Featured Post

5 Astroturf Groups You Should Stop Sharing From

After a hefty helping of inspiration from blogger Dawn's Brain's series on Facebook pages that people need to stop sharing fr...

Thursday, July 12, 2018

A Precautionary Strawman

Chances are if you've stuck around long enough, you've noticed a common theme amongst the Skeptic crowd - they aren't fans of the precautionary principle (PP).

David Zaruk waxes poetic on the PP.


The PP is a guideline for decision making when faced with scientific uncertainty. It has been described as having "four central components: taking preventive action in the face of uncertainty; shifting the burden of proof to the proponents of an activity; exploring a wide range of alternatives to possibly harmful actions; and increasing public participation in decision making."

The Wingspread Statement defines the principle: "When an activity raises threats of harm to human health or the environment, precautionary measures should be taken even if some cause and effect relationships are not fully established scientifically."

And yet, popular Skeptic bloggers and SciMoms Alison Bernstein aka Mommy PhD and Kavin Senapathy define the PP as something entirely different in the Forbes article, "How Marketers Use Fear Of Chemicals For Profit: 3 Easy Steps"


Their statement even goes so far to imply that the PP is somehow irrational, harkening back to Zaruk's string of ad hominem descriptors at the outset of this post.

Another popular Skeptic blogger, Michael Simpson aka Skeptical Raptor lists the PP under logical fallacies on his website.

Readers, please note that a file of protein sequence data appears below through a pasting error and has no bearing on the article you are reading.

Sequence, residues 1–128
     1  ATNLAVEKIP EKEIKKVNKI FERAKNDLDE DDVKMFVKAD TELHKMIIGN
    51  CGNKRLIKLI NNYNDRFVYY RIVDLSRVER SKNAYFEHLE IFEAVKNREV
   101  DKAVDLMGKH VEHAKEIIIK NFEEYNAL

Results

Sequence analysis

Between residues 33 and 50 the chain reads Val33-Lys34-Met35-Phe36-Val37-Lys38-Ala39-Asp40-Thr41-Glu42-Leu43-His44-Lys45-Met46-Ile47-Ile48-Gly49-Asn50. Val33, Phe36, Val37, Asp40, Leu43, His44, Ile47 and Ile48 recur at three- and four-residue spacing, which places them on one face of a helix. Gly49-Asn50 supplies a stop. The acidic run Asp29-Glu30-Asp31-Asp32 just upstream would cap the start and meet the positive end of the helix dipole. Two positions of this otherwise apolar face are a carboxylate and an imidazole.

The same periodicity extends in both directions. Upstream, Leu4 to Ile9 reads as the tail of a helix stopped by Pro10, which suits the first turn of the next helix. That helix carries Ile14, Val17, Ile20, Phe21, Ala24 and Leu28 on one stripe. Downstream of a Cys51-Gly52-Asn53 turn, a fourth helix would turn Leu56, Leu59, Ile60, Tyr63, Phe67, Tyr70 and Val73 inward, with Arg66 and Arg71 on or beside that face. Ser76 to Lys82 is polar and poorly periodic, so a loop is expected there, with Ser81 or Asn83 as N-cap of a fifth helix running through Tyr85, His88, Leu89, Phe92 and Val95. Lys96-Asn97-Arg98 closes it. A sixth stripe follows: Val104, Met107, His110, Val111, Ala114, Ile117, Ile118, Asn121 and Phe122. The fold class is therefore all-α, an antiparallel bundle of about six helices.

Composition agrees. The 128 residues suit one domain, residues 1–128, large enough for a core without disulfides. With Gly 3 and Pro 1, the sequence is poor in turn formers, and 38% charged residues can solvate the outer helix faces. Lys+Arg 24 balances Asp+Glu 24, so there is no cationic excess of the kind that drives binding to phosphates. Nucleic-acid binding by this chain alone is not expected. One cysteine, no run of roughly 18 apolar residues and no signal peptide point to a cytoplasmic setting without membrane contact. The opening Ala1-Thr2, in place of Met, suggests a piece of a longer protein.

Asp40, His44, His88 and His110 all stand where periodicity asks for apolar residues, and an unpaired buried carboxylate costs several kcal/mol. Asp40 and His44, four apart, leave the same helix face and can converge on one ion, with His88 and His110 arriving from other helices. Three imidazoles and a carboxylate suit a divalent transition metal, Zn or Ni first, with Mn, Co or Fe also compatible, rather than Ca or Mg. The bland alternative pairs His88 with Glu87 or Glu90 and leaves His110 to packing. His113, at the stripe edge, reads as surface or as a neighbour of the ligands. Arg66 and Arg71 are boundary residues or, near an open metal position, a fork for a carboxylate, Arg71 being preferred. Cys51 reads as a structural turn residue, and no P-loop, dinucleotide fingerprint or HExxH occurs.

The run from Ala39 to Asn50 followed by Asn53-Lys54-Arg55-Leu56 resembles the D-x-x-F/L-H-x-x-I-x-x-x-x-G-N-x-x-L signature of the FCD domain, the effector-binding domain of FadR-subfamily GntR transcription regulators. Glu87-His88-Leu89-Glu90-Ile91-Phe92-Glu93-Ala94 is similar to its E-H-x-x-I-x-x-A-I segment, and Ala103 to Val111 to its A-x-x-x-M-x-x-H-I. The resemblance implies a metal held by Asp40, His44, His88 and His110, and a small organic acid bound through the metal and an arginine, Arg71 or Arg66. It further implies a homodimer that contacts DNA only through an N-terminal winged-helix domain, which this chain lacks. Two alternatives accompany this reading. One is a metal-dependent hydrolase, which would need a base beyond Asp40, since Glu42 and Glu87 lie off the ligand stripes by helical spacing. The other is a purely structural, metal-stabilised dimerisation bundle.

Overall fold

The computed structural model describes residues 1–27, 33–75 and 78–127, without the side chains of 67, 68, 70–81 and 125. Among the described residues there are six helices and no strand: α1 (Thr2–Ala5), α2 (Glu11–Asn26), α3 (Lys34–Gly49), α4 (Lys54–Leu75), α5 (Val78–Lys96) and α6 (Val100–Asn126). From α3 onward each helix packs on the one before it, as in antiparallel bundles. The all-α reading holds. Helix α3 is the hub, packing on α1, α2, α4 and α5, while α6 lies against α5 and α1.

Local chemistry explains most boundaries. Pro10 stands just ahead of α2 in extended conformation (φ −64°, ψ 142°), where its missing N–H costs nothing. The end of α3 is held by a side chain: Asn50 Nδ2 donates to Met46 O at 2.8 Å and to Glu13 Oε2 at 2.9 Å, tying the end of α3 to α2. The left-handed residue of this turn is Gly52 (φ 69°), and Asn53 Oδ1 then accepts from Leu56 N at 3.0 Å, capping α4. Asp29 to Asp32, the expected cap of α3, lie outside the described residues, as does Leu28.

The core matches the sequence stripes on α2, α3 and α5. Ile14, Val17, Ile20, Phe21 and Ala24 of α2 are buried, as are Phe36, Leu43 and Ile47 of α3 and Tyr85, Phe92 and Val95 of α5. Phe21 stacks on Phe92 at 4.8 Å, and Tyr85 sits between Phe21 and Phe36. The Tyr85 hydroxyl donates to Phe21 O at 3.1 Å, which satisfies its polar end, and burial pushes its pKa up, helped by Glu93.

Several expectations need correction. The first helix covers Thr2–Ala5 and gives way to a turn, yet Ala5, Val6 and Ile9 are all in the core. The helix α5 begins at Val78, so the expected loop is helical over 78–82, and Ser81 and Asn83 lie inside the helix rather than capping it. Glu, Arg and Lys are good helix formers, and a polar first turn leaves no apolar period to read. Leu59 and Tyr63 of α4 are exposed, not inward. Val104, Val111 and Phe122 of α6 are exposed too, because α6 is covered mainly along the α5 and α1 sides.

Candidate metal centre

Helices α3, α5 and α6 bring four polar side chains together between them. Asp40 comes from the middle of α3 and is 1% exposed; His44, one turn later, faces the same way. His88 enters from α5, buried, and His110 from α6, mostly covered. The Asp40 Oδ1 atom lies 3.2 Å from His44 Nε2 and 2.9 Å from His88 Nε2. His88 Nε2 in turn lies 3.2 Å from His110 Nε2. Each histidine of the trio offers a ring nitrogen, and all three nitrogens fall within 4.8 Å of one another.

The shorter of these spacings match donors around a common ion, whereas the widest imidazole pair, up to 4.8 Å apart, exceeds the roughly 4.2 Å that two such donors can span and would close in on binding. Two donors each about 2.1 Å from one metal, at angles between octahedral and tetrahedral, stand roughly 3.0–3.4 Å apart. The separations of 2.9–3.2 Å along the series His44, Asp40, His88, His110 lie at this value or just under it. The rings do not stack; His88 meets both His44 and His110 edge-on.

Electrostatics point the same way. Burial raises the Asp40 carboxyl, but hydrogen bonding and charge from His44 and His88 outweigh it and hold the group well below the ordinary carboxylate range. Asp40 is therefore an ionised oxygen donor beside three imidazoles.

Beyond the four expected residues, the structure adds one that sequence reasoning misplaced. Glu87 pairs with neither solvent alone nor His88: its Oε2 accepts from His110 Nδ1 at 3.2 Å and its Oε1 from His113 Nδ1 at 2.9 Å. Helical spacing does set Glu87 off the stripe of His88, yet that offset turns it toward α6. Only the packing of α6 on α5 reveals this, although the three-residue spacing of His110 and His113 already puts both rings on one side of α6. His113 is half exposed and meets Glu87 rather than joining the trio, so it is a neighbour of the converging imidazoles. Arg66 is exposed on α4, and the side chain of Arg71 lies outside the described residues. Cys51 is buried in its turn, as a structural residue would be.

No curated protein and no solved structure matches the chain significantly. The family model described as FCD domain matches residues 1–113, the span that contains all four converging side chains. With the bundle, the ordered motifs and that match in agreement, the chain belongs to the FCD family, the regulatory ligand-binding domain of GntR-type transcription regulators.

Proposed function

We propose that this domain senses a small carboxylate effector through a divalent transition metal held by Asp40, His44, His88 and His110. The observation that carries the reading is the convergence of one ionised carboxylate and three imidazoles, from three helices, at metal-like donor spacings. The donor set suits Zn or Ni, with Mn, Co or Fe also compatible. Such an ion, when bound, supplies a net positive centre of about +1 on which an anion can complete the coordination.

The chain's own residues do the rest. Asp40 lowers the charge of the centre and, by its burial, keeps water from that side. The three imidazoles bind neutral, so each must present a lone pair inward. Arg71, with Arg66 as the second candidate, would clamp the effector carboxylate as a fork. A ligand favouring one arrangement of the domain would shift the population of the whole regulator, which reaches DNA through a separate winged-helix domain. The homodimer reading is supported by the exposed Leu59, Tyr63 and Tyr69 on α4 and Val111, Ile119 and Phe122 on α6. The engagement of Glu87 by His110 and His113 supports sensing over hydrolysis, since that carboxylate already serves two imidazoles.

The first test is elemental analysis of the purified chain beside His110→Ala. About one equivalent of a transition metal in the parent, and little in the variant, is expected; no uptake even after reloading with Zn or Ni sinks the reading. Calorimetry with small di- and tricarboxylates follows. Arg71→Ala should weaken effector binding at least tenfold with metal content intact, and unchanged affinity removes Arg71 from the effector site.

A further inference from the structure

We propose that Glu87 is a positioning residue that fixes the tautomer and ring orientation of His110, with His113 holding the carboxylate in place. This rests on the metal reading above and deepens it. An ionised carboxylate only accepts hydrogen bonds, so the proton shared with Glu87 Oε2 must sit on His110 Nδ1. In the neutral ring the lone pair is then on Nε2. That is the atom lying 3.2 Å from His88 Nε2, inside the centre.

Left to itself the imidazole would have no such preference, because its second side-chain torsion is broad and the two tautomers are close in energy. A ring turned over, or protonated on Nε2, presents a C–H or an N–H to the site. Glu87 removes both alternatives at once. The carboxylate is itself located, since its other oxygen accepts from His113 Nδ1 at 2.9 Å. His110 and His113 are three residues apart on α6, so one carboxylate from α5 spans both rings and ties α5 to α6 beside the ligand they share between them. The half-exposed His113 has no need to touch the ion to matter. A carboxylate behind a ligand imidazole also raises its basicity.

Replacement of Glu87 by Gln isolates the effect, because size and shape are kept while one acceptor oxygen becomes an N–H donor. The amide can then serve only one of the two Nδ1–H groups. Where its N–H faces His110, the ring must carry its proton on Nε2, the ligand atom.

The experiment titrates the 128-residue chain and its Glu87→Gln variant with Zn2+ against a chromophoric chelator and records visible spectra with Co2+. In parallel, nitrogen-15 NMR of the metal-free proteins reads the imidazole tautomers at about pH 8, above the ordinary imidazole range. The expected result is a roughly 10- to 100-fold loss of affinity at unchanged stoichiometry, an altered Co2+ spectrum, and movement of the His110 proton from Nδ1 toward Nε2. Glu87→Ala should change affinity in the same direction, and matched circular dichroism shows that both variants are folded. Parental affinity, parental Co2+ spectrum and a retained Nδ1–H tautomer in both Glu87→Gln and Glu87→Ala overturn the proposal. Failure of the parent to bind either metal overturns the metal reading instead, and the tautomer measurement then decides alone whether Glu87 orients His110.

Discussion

His rationale for including it in the logical fallacy category? "Although the precautionary principle is not a formal logical fallacy, it is very dependent on the logical fallacy, argument from ignorance, which asserts that a proposition is true because it has not yet been proven false.

In addition to creating their own definitions of the PP, another popular tactic is proposing absurd strawman applications of the principle in order to undermine it.


Of course, none of their definitions or examples are accurate when you actually compare them with the PP. Their biases are on full display here, and unfortunately this type of misrepresentation is not beneficial to stakeholders who may be effected by decisions made without due consideration to the effects to the environment or human health. But they are beneficial to the industries who are happy to shift the burden of proof to the public to prove unequivocally that their products are toxic as they continue to pump them out into the air and water only to find decades later that long term harm has occurred.











No comments:

Post a Comment